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COMMONWEALTH PENNSYLVANIA v. JOYCE LOGAN (08/06/85)

SUPERIOR COURT OF PENNSYLVANIA


submitted: August 6, 1985.

COMMONWEALTH OF PENNSYLVANIA
v.
JOYCE LOGAN, APPELLANT

No. 493 Philadelphia 1985, Appeal from the Judgment of Sentence January 30, 1985 in the Court of Common Pleas of Philadelphia County, Criminal No. 84-07-118-119.

COUNSEL

Elaine DeMasse, Assistant Public Defender, Philadelphia, for appellant.

Jane C. Greenspan, Assistant District Attorney, Philadelphia, for Com.

Brosky, Rowley, and Olszewski, JJ. Rowley, J., concurs in the result.

Author: Olszewski

[ 348 Pa. Super. Page 147]

This is an appeal from the judgment of sentence of the Court of Common Pleas of Philadelphia County, Criminal Division, imposed January 30, 1985. Appellant was convicted of retail theft, theft by receiving stolen property,*fn1 robbery, and criminal conspiracy. She now challenges her conviction for criminal conspiracy claiming insufficiency of evidence and violation of due process. We agree that appellant was improperly convicted of conspiracy and vacate her sentence as to this charge.

The criminal complaint filed against appellant alleged that appellant acted "in concert with Lewis Terry" in perpetration of the offenses cited. On June 21, 1984, appellant and Mr. Terry were in the women's sportswear department of Ports of the World store in Philadelphia. A store detective saw appellant conceal two dresses and leave the store with Mr. Terry. The detective followed, identified himself as a security officer and requested that the pair return to the store because of their failure to pay for the goods. As appellant began to walk away, the detective grabbed her. Terry shoved the detective, yelled "leave my wife alone," and threatened the detective with a knife. Terry entered the driver's side and appellant the passenger's side of a vehicle occupied by Theodore Scott. The detective tried to pull appellant from the vehicle, but was unable to do so because Mr. Scott had his arms around appellant. Upon the arrival of police, appellant and Mr. Terry were arrested and charged. Mr. Scott, who was present, was neither arrested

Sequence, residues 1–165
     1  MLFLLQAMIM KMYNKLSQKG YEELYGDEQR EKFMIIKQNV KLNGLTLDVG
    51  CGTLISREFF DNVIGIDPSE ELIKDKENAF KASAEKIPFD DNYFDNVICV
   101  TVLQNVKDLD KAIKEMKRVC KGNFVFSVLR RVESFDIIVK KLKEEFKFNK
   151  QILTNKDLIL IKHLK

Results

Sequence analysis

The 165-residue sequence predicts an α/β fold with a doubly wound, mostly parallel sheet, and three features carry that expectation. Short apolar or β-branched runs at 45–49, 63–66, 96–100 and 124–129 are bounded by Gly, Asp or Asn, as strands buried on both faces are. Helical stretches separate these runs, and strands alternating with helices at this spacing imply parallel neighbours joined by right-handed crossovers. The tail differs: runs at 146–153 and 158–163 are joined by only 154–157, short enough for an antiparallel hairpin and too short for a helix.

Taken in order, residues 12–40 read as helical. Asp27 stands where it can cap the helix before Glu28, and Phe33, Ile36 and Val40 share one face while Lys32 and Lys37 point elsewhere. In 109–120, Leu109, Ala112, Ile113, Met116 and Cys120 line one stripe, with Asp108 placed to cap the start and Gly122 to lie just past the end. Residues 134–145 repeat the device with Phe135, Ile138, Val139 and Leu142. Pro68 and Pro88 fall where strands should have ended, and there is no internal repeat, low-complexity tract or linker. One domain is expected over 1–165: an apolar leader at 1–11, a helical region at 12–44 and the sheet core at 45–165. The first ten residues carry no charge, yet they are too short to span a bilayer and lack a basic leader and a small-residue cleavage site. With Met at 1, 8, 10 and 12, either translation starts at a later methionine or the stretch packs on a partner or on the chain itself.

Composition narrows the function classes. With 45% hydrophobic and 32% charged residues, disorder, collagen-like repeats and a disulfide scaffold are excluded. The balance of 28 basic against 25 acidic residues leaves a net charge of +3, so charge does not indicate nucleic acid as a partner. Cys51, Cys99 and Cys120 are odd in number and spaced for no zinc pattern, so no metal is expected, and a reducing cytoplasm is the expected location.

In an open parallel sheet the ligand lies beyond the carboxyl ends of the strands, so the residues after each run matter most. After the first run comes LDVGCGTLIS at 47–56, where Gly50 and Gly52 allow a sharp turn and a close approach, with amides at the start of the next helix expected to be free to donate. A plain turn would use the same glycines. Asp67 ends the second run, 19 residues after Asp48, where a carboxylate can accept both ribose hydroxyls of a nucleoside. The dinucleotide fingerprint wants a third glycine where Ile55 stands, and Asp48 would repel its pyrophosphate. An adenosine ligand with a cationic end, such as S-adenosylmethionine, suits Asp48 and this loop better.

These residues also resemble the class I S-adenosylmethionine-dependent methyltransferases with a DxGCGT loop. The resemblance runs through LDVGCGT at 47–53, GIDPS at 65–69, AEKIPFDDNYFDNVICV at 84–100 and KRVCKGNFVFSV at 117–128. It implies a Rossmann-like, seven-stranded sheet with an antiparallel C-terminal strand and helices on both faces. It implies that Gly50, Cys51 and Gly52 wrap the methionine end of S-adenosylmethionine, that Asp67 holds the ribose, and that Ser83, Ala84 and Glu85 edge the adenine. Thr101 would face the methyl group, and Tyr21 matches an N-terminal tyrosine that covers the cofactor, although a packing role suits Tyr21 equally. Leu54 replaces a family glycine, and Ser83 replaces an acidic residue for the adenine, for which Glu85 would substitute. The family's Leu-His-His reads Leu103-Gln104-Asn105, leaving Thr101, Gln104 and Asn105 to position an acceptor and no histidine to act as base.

[ 348 Pa. Super. Page 148]

    nor charged. Mr. Terry, appellant's husband, was tried with her, but was acquitted of conspiracy.

Appellant argues that since the criminal complaint only mentions her involvement with Terry, the criminal information cannot expand the charges against her to include a conspiracy with Mr. Scott. We have addressed a similar argument in Commonwealth v. Thomas, 278 Pa. Super. 39, 419 A.2d 1344 (1980). In that case, the complaint erroneously named an individual as co-conspirator. Over the objection of defense counsel, Commonwealth was permitted to amend the complaint at the preliminary hearing. We held that:

     an outright substitution of a named co-conspirator in a complaint constitutes 'a different set of events' and could require 'materially different defenses' of the accused. A charge of conspiracy with one (person) to commit certain offenses must necessarily embrace a unique factual setting which is radically altered when the Commonwealth seeks to charge that appellant conspired with (a second person) and not (the first).

Id., 278 Pa. Superior Ct. at 48, 419 A.2d at 1349; Commonwealth v. McIntosh, 328 Pa. Super. 255, 476 A.2d 1316 (1984).

This provision must apply to the present case. When appellant was charged only as a conspirator with Lewis Terry, it would be improper to infer a conspiratorial relationship with Theodore Scott for which she could be held criminally liable. Although a crime formally charged in an information need not be precisely the same as the offense stated in the complaint, it must nevertheless be substantially the same as or cognate to the offense charged in the criminal complaint, since a defendant cannot be required to answer a charge different from or unrelated to the one for which he was arrested and held to bail. Pa.R.Crim.P. 225(b)(5); Commonwealth v. Taylor, 324 Pa. Super. 420, 471 A.2d 1228 (1984). Finding appellant guilty of conspiracy with Mr. Scott, as the lower court opinion suggests, is finding her guilty of a separate offense, noncognate to the

[ 348 Pa. Super. Page 149]

    one charged in the complaint. The fact that the criminal information employs boilerplate language and charges conspiracy with certain "unknown" persons does not allow substitution of Mr. Scott as a co-conspirator.

Judgment of sentence vacated as to the charge of conspiracy; jurisdiction relinquished.


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